Indirection Indirection
with Offset
Indirection
to Polymorph
Indirection
to Polymorph,
with Offset
P-MMXHigh 4.5 4.5 5.5 6.5 10.5 11.5
Low 2.5 3.5 5.5 4.5 10.5 9.5
Mean 3.5 4.0 5.5 5.1 10.5 10.1
PIII High 6.0 6.0 8.0 7.0 -30.0 -30.0
Low 6.0 6.0 8.0 7.0 -30.0 -30.0
Mean 6.0 6.0 8.0 7.0 -30.0 -30.0

In isolation, the trend in the MMX data conforms roughly to theory, where more machine cycles are consumed when traversing more complex relationships. Although, surprisingly, indirection-with-offset is actually slightly faster than plain indirection; and the trend reverses similarly in the polymorphism-with-offset case. Note also that the High, Low and Mean cycle-counts in the PIII data are all equal, which is not the case with the MMX.

What runs entirely contrary to expectation, however, is that the PIII consumes more machine cycles than the MMX in the first four scenarios, despite its more advanced architecture. More surprising still are the polymorphic tests, which consume fewer cycles than does execution of the test harness on its own (which is why they are not depicted on the chart). What are we to make of this?

Putative Reality

These seemingly anomalous results expose the problem with timing fundamental relationships precisely on modern hardware, in that the minimalism of the test regimen falls foul of features such as pipelining and parallel processing. For example, the compiler clearly generates longer and more complex instruction-sequences for the polymorphic scenarios, which, along with the instructions for the core test-harness, would suggest a higher cycle-count overall.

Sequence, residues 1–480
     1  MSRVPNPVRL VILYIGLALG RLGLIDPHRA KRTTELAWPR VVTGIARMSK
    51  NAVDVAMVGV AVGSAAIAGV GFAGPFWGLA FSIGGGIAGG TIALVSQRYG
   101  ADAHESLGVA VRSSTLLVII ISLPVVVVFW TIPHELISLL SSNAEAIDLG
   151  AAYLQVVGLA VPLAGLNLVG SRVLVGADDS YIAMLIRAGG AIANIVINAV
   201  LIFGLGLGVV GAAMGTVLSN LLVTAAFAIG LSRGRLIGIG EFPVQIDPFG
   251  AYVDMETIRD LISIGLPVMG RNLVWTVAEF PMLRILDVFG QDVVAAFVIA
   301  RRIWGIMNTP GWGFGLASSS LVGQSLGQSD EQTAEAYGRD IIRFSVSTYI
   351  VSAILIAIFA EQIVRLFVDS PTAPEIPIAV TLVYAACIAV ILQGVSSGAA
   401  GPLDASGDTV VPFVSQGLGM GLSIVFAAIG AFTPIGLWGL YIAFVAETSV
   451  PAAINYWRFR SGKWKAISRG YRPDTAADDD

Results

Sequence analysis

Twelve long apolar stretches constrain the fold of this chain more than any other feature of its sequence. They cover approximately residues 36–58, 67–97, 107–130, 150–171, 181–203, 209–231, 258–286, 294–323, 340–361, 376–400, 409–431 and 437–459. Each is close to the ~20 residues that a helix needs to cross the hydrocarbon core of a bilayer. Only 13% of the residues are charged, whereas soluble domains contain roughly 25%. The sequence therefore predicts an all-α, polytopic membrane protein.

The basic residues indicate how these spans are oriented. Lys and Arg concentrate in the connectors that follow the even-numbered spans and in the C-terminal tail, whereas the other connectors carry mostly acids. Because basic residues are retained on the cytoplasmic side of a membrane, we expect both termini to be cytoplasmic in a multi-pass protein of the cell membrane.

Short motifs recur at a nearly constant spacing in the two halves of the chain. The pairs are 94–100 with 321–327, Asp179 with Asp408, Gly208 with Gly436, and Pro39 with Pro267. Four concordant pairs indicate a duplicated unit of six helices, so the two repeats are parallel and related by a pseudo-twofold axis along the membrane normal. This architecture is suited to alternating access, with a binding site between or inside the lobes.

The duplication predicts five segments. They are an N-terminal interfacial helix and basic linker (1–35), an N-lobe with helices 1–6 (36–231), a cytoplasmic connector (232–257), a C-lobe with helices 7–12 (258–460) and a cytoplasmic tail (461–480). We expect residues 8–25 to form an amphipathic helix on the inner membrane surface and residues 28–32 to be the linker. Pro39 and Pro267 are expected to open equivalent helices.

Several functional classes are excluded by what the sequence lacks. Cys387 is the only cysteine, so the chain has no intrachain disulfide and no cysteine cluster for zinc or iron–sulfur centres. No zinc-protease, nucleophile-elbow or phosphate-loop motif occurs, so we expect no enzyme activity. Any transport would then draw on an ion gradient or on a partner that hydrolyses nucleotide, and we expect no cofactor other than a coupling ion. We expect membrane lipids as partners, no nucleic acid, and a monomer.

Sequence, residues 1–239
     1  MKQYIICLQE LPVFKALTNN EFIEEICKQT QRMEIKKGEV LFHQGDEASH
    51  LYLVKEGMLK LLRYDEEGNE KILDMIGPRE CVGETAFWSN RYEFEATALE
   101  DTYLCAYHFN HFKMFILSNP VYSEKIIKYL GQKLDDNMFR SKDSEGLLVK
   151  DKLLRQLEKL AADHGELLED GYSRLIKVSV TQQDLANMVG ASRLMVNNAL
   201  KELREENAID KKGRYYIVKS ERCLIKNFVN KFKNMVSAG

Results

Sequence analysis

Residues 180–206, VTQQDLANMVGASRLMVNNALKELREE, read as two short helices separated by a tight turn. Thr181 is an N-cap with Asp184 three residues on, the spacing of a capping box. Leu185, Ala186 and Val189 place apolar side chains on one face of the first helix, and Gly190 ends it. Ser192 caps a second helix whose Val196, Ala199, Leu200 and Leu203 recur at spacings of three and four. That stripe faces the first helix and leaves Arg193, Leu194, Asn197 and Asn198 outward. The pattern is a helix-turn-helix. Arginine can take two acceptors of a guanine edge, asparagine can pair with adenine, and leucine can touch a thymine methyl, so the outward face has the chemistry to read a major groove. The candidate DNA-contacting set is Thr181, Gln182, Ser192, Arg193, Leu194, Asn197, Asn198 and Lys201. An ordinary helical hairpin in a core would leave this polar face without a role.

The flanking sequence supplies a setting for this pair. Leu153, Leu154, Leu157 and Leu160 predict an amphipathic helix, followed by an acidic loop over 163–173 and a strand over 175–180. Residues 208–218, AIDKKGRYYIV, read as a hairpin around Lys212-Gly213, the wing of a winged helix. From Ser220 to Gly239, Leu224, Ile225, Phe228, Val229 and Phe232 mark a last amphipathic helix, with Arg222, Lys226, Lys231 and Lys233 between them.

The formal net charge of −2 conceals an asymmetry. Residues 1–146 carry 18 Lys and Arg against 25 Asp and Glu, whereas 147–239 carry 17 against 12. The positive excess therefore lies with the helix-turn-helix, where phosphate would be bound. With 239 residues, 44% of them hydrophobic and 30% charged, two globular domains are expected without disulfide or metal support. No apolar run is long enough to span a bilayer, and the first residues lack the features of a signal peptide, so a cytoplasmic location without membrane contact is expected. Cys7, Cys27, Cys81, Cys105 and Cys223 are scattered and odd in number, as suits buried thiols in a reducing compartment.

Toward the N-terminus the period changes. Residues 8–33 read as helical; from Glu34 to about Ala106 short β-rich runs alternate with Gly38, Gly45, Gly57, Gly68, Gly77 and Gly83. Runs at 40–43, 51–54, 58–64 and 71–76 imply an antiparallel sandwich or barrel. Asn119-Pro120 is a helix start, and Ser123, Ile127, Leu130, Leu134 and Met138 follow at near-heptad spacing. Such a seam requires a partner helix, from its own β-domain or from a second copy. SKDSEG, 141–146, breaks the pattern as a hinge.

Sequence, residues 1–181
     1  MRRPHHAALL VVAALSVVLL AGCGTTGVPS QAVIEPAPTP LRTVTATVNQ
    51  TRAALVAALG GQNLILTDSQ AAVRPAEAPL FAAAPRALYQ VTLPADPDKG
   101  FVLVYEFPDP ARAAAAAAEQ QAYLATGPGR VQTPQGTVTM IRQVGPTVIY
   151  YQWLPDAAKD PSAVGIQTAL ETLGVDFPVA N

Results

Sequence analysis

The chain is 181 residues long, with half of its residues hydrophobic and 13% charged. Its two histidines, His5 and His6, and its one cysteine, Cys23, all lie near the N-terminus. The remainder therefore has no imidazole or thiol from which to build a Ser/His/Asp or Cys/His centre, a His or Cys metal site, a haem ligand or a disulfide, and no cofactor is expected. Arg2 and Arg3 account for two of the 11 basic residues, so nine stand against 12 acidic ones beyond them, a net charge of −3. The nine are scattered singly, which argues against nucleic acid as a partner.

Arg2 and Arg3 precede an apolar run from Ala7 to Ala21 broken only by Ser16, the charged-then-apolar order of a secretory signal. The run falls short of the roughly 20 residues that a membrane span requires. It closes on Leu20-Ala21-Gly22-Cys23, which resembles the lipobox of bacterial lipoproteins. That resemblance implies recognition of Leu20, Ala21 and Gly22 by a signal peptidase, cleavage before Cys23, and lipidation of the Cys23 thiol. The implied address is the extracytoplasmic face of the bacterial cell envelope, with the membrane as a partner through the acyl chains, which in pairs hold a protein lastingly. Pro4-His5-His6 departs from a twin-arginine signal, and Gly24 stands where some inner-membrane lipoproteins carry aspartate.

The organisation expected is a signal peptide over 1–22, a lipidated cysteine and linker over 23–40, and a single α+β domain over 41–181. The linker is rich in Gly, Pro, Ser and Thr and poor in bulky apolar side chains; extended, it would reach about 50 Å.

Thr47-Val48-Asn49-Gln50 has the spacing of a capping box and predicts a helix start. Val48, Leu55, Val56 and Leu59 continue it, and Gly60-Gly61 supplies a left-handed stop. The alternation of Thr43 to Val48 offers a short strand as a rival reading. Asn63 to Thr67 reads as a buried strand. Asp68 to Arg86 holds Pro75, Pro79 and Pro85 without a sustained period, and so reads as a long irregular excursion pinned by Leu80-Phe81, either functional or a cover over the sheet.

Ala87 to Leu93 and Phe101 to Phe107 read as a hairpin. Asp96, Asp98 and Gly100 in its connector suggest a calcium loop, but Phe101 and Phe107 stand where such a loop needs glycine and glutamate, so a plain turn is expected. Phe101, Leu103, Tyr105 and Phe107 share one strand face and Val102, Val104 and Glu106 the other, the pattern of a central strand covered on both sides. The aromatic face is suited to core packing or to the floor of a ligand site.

Yet this is meat and drink for a voracious processor; although the test harness uses CPUID initially, so as to force completion of out-of-order operations, this instruction can still be prefetched, pipelined, executed in parallel, and out of order with the timing instructions that follow ...along with the sequence under test. This is why the polymorphic scenarios are quicker on the PIII than the test harness alone. Conversely, the more primitive scenarios deny the better CPU a chance to really flex its muscles, which is why it scores worse than the MMX in these tests. The corollary to this is that more primitive machines should be more theory-conformant — the irony being that pre-Pentium CPUs did not support RDTSC, despite years of wishing on the part of developers.

Given this, the results do not mean that polymorphic calls really are faster than the subsumptive or indirected variety. Moreover, the test regimen does not reflect the complex and arbitrary nature of 'real' code, as it samples only cache-based execution of a function that does nothing of significance. In real applications, subsumption and indirection permit the massive benefits of function inlining, and conversely, polymorphic scenarios fare considerably worse, because virtual calls cannot be inlined.

Do You Believe Your 'i's?

It follows that orthogonal metrics for the fundamental relationships (on modern hardware) can only be gathered by testing an orthogonal application. Yet the complexity of real code precludes absolutely precise measurements, thus forcing the minimalism adopted here. Moreover, the arbitrary nature of any given application renders the concept of 'orthogonal' purely hypothetical. It would seem, therefore, that advances in computing technology have yielded a situation akin to quantum mechanics — our theoretical model is logical, exact and sound, yet it cannot be mapped reliably to the macroscopic world that it generates.

Nevertheless, and however indeterminate our modelling-quanta may be when under the chronoscope, subsumption should always be preferred over indirection, which should always be preferred over indirection to polymorphic types. The more primitive the relationship the stronger the design guarantees that it offers — and what cautious cat would sniff at that, given this slippery issue of performance?

References

[1] Testing Times — Resolving Temporal Costs at the Level of Individual Machine-Cycles
Richard Vaughan
Dr Dobbs Journal of Programming (online) June 2006

Copyright © Richard Vaughan 2004